Federal judges in Hawaii and Maryland struck legal blows against President Donald Trump’s revised executive order on travel on Wednesday, putting the administration back on defense as the president raged once again against activism in the court system.
The rulings came on the day – March 16 – that the new executive order was to go into effect. It differed from the first order in several respects; visa holders and green card recipients were exempted, Iraq was missing from the list of barred countries, and there was no special clause allowing Christian refugees to come into the country. But those revisions, aimed at satisfying the court opinions on the first order, were not enough to stave off legal challenges from several blue states.
In Hawaii, Federal District Court Judge Derrick Watson ruled that a “reasonable, objective observer” would see the new executive order as being issued “with a purpose to disfavor a particular religion, in spite of its stated, religiously neutral purpose.”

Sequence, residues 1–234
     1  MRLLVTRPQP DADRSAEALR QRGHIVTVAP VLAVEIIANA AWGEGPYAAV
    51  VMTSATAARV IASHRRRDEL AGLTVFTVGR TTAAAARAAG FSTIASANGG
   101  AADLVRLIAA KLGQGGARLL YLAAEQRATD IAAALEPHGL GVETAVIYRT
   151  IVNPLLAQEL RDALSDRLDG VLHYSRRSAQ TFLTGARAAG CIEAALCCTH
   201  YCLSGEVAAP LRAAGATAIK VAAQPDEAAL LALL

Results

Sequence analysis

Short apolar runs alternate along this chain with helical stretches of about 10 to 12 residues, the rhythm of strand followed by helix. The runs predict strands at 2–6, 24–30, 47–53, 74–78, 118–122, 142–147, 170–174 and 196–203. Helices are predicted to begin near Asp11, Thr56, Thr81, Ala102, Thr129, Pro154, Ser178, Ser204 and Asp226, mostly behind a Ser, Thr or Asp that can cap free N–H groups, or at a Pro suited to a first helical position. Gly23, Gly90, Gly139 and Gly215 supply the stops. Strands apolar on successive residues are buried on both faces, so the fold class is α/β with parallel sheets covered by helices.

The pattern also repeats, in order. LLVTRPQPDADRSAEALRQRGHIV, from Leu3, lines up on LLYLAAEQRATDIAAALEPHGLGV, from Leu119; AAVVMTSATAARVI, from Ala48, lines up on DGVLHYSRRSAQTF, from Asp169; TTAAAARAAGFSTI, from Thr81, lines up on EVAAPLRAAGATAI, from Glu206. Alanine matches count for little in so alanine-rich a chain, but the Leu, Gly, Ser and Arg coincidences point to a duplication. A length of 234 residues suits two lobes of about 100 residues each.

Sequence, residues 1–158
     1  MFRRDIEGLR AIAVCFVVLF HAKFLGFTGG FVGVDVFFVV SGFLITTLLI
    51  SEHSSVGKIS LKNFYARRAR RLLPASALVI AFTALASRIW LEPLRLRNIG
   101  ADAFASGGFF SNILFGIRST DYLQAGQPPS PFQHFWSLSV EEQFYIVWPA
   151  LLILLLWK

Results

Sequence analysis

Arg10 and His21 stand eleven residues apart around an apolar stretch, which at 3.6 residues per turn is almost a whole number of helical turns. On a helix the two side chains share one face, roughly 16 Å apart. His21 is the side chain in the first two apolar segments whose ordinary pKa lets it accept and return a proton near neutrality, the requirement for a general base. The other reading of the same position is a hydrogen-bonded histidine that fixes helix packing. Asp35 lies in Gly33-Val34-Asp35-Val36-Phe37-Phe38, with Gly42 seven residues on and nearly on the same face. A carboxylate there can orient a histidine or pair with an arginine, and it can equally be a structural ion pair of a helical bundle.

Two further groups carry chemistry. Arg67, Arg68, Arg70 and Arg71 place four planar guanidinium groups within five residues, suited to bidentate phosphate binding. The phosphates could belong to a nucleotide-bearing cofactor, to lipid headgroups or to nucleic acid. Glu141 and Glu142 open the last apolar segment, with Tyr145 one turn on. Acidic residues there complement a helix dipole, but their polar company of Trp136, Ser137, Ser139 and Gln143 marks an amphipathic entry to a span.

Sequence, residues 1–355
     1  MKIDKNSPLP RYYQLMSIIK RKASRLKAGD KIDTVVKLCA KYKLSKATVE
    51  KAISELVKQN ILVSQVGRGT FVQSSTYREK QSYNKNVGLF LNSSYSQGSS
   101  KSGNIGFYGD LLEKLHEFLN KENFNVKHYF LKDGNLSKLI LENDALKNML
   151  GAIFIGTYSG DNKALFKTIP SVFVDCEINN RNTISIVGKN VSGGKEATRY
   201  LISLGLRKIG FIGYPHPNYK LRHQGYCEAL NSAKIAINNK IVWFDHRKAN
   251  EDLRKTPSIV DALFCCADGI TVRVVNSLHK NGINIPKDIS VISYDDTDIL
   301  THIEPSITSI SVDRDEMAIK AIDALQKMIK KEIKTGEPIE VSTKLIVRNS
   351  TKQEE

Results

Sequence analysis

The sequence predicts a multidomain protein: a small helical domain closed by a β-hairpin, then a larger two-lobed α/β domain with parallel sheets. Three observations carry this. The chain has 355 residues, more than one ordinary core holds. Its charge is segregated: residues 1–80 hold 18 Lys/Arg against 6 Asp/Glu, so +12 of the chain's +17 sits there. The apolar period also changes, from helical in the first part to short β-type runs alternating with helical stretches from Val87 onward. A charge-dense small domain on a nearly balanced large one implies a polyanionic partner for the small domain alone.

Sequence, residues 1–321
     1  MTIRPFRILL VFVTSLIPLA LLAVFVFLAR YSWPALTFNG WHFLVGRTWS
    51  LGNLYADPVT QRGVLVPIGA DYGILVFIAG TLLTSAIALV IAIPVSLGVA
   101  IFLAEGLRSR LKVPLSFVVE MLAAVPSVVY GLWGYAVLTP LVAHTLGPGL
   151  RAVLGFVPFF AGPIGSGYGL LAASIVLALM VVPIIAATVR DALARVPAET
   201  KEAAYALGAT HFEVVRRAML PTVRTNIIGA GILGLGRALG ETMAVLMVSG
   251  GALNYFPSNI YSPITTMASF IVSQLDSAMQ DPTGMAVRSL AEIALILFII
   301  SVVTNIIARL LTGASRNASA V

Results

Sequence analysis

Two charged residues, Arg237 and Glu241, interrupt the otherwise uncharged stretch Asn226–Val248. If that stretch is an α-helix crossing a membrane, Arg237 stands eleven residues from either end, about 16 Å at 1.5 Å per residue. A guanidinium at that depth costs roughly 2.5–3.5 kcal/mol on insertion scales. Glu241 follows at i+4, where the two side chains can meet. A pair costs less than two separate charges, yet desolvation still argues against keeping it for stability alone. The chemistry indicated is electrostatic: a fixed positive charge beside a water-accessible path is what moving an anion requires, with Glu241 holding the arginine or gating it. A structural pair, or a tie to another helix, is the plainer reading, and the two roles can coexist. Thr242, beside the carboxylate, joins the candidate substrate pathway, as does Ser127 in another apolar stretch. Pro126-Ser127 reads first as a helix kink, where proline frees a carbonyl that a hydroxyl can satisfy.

At a Nashville rally, President Trump angrily denounced the rulings as politically motivated, and he vowed to fight for his travel ban all the way to the Supreme Court.
“This ruling makes us look weak, which by the way we no longer are, believe me,” Trump said.
Frustrated by the court’s unwillingness to bend, even in the wake of specific changes the administration made to the first order, Trump said he was inclined to go back to the original travel ban and defend that one instead.
It was clear from both the Hawaii and Maryland decisions that it wouldn’t have mattered how many changes Trump made to the executive order. Both judges appeared to base much of their opinion off the assumption that these orders were just his “Muslim ban” in disguise. Judge Watson referred specifically to Trump’s December 2015 call for a shutdown to Muslim immigration when rejecting the government’s arguments in court.
That’s why we’re still optimistic about Trump’s ability to ultimately win this case. If you take the court rulings thus far to their logical conclusion, federal judges are essentially saying that because candidate Trump once called for a Muslim immigration ban, he no longer has the authority to limit entry into the U.S. from any Muslim-majority country. That’s absurd. That’s a political argument, not a legal one. It defies logic, it defies U.S. law, and it defies the will of the voters who spoke loudly and clearly in November.